The cause of this transfer can be clarified by the salary structure in the garment industry, all over the world. Apparel labor charge per hour (wages and fringe benefits, US$) in USA is 10.12 but it is only 0.30 in Bangladesh. This difference accelerated the world apparel exports from $3 billion in 1965, with developing nations making up just 14 percent of the total, to $119 billion in 1991, with developing nations contributing 59 percent. In 1991 the number of workers in the ready-made garment industry of Bangladesh was 582,000 and it grew up to 1,404,000 in 1998. In USA, however, 1991-figure showed 1,106.0 thousand workers in the apparel sector and in 1998 it turned down to 765.8 thousand. The presented information reveals that the tendency of low labor charges is the key reason for the transfer of garment manufacturing in Bangladesh. The practice initiated in late 1970s when the Asian Tiger nations were in quest of tactics to avoid the export quotas of Western countries. The garment units of Bangladesh are mainly relying on the 'tiger' nations for raw materials. Mediators in Asian Tiger nations build an intermediary between the textile units in their home countries, where the spinning and weaving go on, and the Bangladeshi units where the cloth is cut, sewn, ironed and packed into cartons for export. The same representatives of tiger nations discover the market for Bangladesh in several nations of the North. Large retail trading companies placed in the United States and Western Europe give most orders for Bangladeshi garment products. Companies like Marks and Spencers (UK) and C&A (the Netherlands) control capital funds, in proportion to which the capital of Bangladeshi owners is patience. Shirts manufactured in Bangladesh are sold in developed nations for five to ten times their imported price. Collaboration of a native private garment industry, Desh Company, with a Korean company, Daewoo is an important instance of international garment chain that works as one of the grounds of the expansion of garment industry in Bangladesh. Daewoo Corporation of South Korea, as part of its global policies, took interest in Bangladesh when the Chairman, Kim Woo-Choong, offered an aspiring joint venture to the Government of Bangladesh, which included the growth and process of tyre, leather goods, and cement and garment factories. The Desh-Daewoo alliance was decisive in terms of getting into the global apparel markets at significant juncture, when import reforming was going on in this market following the signing of MFA in 1974. Daewoo, a South Korean leading exporter of garments, was in search of opportunities in nations, which had hardly used their quotas. Due to the quota restriction for Korea after MFA, the export of Daewoo became limited. Bangladesh as an LDC got the chance to export without any constraint and for this cause Daewoo was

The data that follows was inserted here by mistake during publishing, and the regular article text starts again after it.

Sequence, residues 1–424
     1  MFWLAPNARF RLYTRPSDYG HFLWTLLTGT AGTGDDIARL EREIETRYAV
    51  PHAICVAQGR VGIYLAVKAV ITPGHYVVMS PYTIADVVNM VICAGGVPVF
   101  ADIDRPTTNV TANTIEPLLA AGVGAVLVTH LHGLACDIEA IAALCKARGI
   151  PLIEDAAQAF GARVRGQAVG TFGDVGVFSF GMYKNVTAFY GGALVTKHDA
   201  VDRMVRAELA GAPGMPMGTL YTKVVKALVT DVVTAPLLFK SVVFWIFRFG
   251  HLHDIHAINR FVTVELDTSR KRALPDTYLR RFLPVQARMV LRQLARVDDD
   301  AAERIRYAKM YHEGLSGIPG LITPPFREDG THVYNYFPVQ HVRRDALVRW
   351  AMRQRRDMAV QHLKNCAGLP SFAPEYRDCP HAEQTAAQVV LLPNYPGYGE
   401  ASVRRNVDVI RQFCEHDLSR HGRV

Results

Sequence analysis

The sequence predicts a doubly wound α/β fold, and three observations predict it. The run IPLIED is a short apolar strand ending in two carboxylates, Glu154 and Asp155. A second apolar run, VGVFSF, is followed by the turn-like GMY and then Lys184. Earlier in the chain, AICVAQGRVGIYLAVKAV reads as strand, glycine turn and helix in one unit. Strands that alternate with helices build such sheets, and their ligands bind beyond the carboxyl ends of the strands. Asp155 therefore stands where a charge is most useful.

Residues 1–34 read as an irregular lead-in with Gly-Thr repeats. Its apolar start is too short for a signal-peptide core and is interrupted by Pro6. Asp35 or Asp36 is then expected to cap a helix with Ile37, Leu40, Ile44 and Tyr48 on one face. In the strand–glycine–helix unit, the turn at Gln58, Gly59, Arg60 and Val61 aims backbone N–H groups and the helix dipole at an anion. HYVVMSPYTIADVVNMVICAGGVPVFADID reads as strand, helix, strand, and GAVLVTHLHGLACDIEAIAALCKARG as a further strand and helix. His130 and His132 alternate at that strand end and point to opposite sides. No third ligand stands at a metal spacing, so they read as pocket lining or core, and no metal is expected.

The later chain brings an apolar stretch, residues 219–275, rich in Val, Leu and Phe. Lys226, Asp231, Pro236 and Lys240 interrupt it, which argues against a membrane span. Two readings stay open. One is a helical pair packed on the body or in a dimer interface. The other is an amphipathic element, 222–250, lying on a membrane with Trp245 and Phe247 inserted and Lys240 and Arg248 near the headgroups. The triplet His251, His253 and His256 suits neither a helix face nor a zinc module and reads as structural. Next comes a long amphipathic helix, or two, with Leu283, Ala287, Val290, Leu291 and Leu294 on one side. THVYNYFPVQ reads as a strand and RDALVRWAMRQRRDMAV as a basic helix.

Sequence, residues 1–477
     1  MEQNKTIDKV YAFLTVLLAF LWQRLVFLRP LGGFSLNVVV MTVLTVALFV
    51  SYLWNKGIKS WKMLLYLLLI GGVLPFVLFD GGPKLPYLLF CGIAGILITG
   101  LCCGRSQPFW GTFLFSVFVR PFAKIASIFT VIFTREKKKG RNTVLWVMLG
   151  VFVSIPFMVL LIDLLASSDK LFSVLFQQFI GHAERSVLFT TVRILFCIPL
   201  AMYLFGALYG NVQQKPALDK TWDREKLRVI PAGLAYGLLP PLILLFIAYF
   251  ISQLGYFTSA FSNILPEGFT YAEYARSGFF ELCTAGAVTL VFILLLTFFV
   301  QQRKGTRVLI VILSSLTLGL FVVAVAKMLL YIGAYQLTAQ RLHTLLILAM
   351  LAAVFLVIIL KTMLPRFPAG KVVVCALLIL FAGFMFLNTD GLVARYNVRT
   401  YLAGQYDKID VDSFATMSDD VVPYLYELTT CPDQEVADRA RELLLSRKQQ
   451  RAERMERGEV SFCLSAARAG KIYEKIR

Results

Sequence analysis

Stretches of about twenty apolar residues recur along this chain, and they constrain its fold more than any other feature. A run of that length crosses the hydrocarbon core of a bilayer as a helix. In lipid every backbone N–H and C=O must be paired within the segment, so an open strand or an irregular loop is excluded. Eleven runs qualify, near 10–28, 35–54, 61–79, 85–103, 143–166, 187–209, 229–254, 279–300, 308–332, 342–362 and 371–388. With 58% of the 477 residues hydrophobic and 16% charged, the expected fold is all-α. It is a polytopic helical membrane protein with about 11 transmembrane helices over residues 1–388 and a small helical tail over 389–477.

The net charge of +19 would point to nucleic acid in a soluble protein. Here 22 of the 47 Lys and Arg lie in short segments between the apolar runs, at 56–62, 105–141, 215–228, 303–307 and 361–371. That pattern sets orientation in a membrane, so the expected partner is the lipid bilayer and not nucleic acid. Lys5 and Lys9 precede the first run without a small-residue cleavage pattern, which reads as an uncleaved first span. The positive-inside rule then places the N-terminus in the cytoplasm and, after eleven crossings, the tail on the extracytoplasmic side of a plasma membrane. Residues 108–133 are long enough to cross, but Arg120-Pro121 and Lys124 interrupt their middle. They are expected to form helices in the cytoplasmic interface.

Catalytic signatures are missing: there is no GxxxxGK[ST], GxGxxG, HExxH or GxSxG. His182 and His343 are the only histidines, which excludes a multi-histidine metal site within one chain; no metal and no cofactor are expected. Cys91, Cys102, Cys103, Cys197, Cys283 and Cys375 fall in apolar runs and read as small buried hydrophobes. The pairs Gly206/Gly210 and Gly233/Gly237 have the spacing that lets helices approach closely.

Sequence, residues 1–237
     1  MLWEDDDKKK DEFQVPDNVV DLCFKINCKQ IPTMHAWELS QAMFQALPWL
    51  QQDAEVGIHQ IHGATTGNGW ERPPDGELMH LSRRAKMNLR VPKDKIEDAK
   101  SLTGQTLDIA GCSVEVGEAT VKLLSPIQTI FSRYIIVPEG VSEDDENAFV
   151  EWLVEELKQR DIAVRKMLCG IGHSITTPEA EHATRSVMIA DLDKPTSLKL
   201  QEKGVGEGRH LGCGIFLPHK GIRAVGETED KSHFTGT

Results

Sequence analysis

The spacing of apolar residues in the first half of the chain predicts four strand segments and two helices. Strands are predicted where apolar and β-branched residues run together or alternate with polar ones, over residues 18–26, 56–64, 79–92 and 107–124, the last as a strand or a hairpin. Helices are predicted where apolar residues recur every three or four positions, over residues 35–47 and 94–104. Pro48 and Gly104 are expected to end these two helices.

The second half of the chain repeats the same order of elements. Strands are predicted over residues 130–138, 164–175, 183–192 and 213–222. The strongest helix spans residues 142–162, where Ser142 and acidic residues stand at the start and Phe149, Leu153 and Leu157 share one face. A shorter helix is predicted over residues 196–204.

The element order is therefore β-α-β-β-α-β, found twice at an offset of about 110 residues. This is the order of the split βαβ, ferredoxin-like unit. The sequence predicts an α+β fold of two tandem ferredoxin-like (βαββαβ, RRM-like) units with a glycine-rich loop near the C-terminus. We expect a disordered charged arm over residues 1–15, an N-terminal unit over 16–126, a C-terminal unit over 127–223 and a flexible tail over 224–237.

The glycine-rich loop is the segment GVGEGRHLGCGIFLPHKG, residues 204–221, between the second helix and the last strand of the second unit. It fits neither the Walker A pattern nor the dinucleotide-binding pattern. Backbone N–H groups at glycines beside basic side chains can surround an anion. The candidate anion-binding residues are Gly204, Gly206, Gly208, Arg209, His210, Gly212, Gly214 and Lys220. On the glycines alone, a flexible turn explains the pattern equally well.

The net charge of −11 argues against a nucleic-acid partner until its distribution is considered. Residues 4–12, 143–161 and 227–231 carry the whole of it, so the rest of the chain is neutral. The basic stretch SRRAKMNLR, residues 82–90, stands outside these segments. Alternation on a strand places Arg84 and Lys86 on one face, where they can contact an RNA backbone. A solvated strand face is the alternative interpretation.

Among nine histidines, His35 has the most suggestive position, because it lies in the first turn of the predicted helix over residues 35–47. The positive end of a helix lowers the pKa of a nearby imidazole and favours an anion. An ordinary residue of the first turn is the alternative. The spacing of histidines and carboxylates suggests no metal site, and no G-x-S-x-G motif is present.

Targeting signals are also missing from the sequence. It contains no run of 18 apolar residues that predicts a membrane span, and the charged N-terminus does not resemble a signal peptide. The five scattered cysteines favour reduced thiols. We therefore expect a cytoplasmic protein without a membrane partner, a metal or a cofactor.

concerned with the use of Bangladesh for their market. The purpose behind this need was that Bangladesh would rely on Daewoo for importing raw materials and at the same time Daewoo would get the market in Bangladesh. When the Chairman of Daewoo displayed interest in Bangladesh, the country's President put him in touch with chairman of Desh Company, an excivil servant who was seeking more entrepreneurial pursuits. To fulfill this wish, Daewoo signed a collaboration contract with Desh Garment for five years. The contract also incorporated the fields of technical training, purchase of machinery and fabric, plant establishment and marketing in return for a specific marketing commission on all exports by Desh during the contract phase. Daewoo also imparted an exhaustive practical training of Desh employees in the working atmosphere of a multinational company. Daewoo keenly helped Desh in buying machinery and fabrics. Some technicians of Daewoo arrived Bangladesh to establish the plant for Desh. The end result of the association of DeshDaewoo was important. In the first six years of its business, i.e. 1980/81-86/87, Desh export value increased at an annual average rate of 90%, reaching more than $5 million in 1986/87. It is claimed that the Desh-Daewoo alliance is a significant element for the growth and achievement of Bangladesh's entire garment export industry. After getting linked with Daewoo's brand names and marketing network, overseas buyers went on with buying garments from the corporation heedless of their origin. Out of the opening trainees most left Desh Company at several times to erect their own competing garment companies, worked as a way of moving knowledge all through the whole garment sector. It is essential to identify the outcomes of the process of moving production from high pay to low pay nations for both developing and developed nations. It is a bare fact that most of the Third World nations are now on the way to industrialization. In this procedure, workers are working under unfavorable working environment - minimal wages, unhealthy place of work, lack of security, no job guarantee, forced labour etc. The route of globalization is full of ups and downs for the developing nations. Relocations of comparatively mobile, blue-collar production from industrialized to developing nations, in some circumstances, can have troublesome effects on social life if - in the absence of efficient planning and talks between international organizations and the government and/or organizations of the host nation - the transferred action encourages urban-bound relocation and its span of stay is short. Another negative result is that the rise in employment and/or income is not expected to be satisfactorily large and extensive to lessen inequality. In connection with the negative results of relocation of manufacturing on employment in developed countries, we realize that in comparatively blue-collar industries, the growing imports from developing nations lead to unavoidable losses in employment. It is held that development of trade with the South was a significant reason of the deindustrialization of employment in the North over past few decades. After all employees who are constantly working under unfavorable circumstances have to bear the brunt. Work is under-control across the Bangladesh garment sector. Appalling working atmosphere has been brought to light in the Bangladesh garment industry. A research reveals that 90 percent of the garment employees went through illness or disease during the month before the interviews. Headache, anemia, fever, chest, stomach, eye and ear pain, cough and cold, diarrhea, dysentery, urinary tract infection and reproductive health